Star was very excited to be visiting my brother and his wife in London.
Despite growing up in suburbia I have never driven through central London, we always use the train and tube instead.
So we set off one chilly December morning, with our warm coats, hat, gloves and a backpack full of Christmas presents. For the hour and a half long journey to “Uncle Robin’s.”
“Oh that will be so exciting for the children,” said lots of our friends.
And it was exciting.
Public transport is also fairly challenging if a you a child who struggles with transitions.
We spend a lot of our lives thinking about, planning for and dealing with transitions.
On some days, literally
Going to the toilet, washing hands, clothes off, clothes on, slippers on, slippers off, shoes on. Eating breakfast, drinking juice, finishing breakfast.
On the days when I do the morning school run and then go straight into work I feel like I have done a full day by 9.15am!
We try to use lots of strategies: “now, next” boards, signing, encouragement, giving Star a choice where possible, but there are some days when nothing seems to work.
At school, they have similar issues. And it was strangely therapeutic for us to hear experienced teachers tell us how they had used all the strategies from the professionals (the Ed psych, the SALT, the SENCO) to no avail.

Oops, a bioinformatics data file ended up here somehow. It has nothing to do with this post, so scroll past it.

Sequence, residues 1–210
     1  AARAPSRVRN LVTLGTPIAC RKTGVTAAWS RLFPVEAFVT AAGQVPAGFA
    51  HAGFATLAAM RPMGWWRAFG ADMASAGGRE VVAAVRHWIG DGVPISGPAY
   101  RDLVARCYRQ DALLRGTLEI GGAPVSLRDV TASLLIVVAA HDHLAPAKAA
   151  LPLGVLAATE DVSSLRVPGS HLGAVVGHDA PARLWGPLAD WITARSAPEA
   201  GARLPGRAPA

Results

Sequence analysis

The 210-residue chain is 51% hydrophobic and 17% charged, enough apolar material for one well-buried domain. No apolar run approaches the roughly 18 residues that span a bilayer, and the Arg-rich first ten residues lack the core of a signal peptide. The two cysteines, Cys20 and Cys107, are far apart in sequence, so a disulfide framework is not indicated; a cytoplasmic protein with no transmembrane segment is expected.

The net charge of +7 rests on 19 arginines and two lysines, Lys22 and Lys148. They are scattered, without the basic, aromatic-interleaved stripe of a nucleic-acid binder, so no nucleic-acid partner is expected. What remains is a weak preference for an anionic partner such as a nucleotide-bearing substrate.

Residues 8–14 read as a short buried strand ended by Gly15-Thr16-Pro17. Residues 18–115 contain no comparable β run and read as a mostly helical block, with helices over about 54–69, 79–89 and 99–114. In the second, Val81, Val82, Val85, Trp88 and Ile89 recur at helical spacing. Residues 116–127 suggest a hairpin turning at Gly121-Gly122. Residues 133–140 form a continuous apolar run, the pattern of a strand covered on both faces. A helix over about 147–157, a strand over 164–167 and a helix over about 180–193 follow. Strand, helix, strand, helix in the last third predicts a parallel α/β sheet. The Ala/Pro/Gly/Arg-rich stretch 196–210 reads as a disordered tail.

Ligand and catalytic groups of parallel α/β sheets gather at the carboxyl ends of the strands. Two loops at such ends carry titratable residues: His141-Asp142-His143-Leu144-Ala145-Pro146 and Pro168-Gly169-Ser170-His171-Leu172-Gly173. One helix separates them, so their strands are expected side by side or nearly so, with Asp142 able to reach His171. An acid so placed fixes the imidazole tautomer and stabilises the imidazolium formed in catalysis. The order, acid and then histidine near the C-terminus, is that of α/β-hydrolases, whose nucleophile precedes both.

We were sat at parents evening to be told of a morning when Star would not stop playing with the mud kitchen.
For forty-five minutes she had been happily scooping mud from one ladle to other and she didn’t want to stop.
Her Teaching assistant tried everything.
The sand timer.
The now and next board.
Then the teacher was called
And then, Headteacher was called out of a meeting.
She came in her high heels down to the reception playground, to tell our daughter it was time to stop playing with the mud.
And what do you think Star did ?
Completely ignored her.
Another day at school, another transition. She was asked to do something she didn’t want to. So she ran into the toilets, locked the door went under the cubicle to the next stall, locked it too, sat in the far corner and LAUGHED at the teacher. [It is a mark of how much Star has changed me that instead of being completely mortified by this defiance, I thought – that is actually really clever. She had managed to get the only place in the reception classrooms where they could not reach her.]
So I think you can imagine why, with some trepidation, we set off on our journey of one overground train, two underground trains and half a mile walk.
On the whole Star did pretty well.
On our way home, we decided to board a double-decker bus for three stops to save the children’s legs from more walking. They were so excited to climb to the top and watch the hustle and bustle of Islington High Street below them.
We tried to prepare Star that we needed to get off soon.
But predictably, it was far too short a trip on the top deck for her.
Some of us had made it to the pavement, when the bus driver was about to pull off with an unhappy Star and Eddie still on the top deck. My sister-in-law alerted the driver to wait and Star was told us with some urgency
“We need to get off now, Star.”
At which point she turned around and addressed all the passengers of the top deck of the bus